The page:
One of the closest lieutenants of the FTX founder, Sam Bankman-Fried, warned Bahamian regulators about inappropriate trades on the cryptocurrency exchange in the days leading up to the collapse, according to court documents.
The revelation came in papers released as part of the bail hearing for Bankman-Fried, FTX’s former chief executive, who was arrested in the Bahamas on Monday and charged in the US on Tuesday with alleged fraud, money laundering and conspiracy.
The filing refers to a warning from Ryan Salame, co-CEO and chairman of FTX Digital Markets, the Bahamian-based arm of Bankman-Fried̵[ads1]7;s sprawling cryptocurrency empire, about transfers to FTX’s crypto hedge fund, Alameda Research.
On Nov. 9, Salame told the Bahamian Securities Commission that “clients’ assets that may have been held with FTX Digital were transferred to Alameda Research to cover financial losses at Alameda,” according to court documents first published by the Financial Times.
In the filing, released as part of Bankman-Fried’s bail hearing, Christina Rolle, the commission’s director, added that Salame was clear that only three people could have made the transfer: Bankman-Fried or his two co-founders, Nishad Singh and Gary Wang. “Such actions can be considered criminal,” Rolle concluded.
The conversation between Rolle and Salame occurred two days before FTX filed for Chapter 11 bankruptcy in the US, and on the same day that Binance, the largest cryptocurrency exchange, walked away from a non-binding offer to save the company after conducting brief due diligence. .
Salame has long been one of Bankman-Fried’s closest associates, just outside the inner circle of the FTX founders. While Bankman-Fried built a reputation as a mega-donor for the Democratic Party, using her newfound influence in Washington DC to push for friendly regulation, Salame did the same with Republicans, eventually giving more than $20 million to various purposes within the party.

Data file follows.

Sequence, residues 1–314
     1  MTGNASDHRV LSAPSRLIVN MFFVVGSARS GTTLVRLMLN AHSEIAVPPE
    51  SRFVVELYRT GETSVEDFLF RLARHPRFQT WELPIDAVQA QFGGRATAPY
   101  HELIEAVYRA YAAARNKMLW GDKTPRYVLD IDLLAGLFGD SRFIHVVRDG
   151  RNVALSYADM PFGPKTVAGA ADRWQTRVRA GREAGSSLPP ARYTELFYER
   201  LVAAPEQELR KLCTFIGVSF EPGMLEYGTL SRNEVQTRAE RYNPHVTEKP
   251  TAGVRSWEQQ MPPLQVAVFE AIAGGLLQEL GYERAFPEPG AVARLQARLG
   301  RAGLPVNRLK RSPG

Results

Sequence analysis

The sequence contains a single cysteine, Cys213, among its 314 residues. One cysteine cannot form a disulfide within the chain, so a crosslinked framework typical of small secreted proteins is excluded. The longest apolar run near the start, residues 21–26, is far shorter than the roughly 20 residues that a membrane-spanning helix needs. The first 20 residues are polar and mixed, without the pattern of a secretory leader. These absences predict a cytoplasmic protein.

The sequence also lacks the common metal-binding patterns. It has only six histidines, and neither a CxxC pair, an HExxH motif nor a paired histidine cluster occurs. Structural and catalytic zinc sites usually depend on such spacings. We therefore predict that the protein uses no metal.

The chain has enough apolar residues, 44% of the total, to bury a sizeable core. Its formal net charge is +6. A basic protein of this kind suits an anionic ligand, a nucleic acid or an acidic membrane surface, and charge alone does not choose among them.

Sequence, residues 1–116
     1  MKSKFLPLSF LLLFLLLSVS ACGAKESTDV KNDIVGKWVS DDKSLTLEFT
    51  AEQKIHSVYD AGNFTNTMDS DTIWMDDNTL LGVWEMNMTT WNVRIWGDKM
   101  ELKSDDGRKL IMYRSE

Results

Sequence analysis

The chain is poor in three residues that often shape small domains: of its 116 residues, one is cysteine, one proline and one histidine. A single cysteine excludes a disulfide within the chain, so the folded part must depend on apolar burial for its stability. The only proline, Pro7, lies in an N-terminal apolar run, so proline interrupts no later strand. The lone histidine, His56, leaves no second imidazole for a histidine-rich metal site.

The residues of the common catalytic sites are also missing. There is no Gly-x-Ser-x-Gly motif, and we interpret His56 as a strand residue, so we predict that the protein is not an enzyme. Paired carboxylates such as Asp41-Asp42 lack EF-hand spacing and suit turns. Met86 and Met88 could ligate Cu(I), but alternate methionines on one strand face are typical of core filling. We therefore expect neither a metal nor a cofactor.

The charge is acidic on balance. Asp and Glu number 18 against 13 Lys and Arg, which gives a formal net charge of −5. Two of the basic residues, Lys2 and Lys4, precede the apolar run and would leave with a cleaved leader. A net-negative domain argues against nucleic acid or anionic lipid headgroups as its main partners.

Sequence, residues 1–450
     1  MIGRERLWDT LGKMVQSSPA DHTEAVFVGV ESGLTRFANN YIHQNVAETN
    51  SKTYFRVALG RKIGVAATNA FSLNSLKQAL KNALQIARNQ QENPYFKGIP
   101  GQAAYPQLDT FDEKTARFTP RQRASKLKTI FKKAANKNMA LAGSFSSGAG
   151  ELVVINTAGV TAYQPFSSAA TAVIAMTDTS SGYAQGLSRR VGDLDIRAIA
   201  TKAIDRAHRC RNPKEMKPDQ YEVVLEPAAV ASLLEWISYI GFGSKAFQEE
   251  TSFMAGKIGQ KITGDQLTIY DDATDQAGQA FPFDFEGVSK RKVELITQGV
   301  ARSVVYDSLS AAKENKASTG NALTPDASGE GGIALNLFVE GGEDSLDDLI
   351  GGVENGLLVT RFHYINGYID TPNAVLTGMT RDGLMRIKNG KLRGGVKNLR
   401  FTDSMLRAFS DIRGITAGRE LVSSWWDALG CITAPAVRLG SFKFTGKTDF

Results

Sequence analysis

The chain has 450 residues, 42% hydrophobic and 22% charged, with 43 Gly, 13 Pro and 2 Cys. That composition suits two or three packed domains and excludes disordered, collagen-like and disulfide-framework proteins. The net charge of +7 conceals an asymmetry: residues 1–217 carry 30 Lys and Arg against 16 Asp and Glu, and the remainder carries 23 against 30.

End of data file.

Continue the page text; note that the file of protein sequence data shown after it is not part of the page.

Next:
Those donations are now under the spotlight, after charges against Bankman-Fried in New York include campaign finance violations and money laundering offenses.
According to the Justice Department’s allegations, customer funds deposited at FTX were funneled to Alameda, where they were then used to make political donations in both Bankman-Fried’s name and the names of other unnamed “co-conspirators.”
Since the collapse of FTX, Bankman-Fried has publicly claimed that he was largely absent from day-to-day decisions at Alameda, and has blamed the transfer of funds between the two companies on an oversight of a “hidden, poorly labeled internal account” containing $8 billion that FTX’s internal records had not marked that actually held in the name of the crypto hedge fund.
But while Bankman-Fried stepped down as CEO of Alameda in 2021, along with his former hedge fund colleague and one-time girlfriend, Caroline Ellison, who eventually took over as sole CEO the following year, civil charges filed by the Commodity Futures Trading Commission allege that he “maintained direct decision-making authority over all of Alameda’s major trade, investment and financial decisions”.
The charges add: “This authority was exercised, at least in part, through Bankman-Fried’s regular, often daily, participation in various in-person and mobile chat communications with senior staff at Alameda.”